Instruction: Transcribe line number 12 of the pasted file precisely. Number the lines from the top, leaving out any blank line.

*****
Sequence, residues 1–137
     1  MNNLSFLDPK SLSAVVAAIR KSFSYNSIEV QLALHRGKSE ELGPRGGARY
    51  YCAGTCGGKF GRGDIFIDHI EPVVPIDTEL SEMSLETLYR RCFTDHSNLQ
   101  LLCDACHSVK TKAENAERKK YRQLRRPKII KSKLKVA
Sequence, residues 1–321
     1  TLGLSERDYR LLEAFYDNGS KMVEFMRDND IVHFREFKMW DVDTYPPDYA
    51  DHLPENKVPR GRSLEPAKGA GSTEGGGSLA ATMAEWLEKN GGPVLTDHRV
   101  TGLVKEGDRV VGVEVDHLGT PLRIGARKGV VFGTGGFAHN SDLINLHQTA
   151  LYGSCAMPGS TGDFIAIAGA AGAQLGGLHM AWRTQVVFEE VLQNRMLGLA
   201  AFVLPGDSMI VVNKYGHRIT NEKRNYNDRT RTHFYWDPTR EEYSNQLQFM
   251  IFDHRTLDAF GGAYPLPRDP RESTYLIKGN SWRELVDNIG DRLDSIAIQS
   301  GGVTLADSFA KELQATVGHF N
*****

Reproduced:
   301  GGVTLADSFA KELQATVGHF N